Potential solutions for increasing resilience of the drinking water supply through the public–private partnership in a South African municipality
Keywords:disaster risk managment, drinking water supply, drinking water resilence, Makana Local Municapality, public–private partnership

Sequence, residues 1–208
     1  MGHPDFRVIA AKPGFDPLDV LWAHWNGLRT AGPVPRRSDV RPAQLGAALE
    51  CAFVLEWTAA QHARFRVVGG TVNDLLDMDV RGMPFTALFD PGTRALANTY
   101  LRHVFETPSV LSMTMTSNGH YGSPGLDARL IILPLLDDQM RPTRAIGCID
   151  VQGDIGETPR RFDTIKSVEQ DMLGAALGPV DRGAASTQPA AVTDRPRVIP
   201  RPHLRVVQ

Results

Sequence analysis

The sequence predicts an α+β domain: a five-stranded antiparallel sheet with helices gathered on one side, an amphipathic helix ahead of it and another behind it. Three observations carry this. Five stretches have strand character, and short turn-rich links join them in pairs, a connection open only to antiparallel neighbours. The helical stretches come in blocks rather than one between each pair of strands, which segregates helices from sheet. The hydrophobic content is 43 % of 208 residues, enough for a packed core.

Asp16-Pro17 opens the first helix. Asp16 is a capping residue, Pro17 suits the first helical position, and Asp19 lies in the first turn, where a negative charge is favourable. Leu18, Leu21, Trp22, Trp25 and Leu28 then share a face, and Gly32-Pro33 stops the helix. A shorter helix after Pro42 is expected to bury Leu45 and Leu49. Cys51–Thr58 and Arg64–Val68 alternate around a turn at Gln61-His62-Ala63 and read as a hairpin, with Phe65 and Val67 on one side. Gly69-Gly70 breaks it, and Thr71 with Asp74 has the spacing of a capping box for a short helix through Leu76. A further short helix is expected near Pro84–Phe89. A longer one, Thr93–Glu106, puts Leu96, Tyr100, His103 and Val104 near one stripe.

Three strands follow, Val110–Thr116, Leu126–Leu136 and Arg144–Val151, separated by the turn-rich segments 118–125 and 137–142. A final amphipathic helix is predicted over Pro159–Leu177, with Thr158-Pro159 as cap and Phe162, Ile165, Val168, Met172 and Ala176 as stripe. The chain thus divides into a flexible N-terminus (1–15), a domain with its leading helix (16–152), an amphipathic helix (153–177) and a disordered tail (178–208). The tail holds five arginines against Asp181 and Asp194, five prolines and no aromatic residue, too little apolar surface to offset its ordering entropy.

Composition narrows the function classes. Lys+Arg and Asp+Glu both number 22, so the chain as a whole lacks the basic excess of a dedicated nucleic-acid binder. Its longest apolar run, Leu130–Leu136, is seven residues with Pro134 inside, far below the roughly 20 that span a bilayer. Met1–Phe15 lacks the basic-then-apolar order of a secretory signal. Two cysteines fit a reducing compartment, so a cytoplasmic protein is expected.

There has existed a need to increase the resilience of the drinking water supply in Makana Local Municipality in the scope of the 2018-2019 drought and the municipal water supply outages. A combination of the know-how and mandates of local government and the private water-retail sector could provide solutions. In order to achieve successful implementation, the authors present here tools from the disaster risk management legislation in South Africa for operationalization of this public–private partnership. These are tools based on Chapter 5, part 1, paragraphs 42 (1d) and Chapter 5, part 2, section/paragraph 47 (1a) i-iv of the Disaster Management Act no. 57 of 2002. Regulations for the recruitment and participation of volunteers in disaster risk management should be applied through the establishment of the volunteer units and the component for drinking water provision. The use of volunteer units with the engagement of the private sector would provide additional tools for the implementation of the preparedness and mitigation measures for drinking water provision in Makana Local Municipality. Local solutions for increasing the resilience of drinking water provision are available and identified based on the modeling work of a container solution. Potential implementation of that container solution for increasing resilience of drinking water provision would require an investment of 6.81-13.00 percent of the 2017-2019 annual budget of Makana Local Municipality. At any given time in 2018, the probability of the emergency treatment activation would be about 33.4 percent in Makana Local Municipality. An example of the ad hoc management about the provision of borehole water from 2019 indicates that planning is critical to success of the increased resilience initiatives. Onsite storage of water during the constant supply might be necessary to ensure treatment and drinking water provision.
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